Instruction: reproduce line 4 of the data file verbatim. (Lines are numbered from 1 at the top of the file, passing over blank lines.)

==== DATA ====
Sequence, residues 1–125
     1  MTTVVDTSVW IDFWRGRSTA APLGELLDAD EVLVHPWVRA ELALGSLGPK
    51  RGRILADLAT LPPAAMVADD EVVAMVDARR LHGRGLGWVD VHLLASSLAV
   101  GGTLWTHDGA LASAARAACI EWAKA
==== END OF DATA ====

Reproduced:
   101  GGTLWTHDGA LASAARAACI EWAKA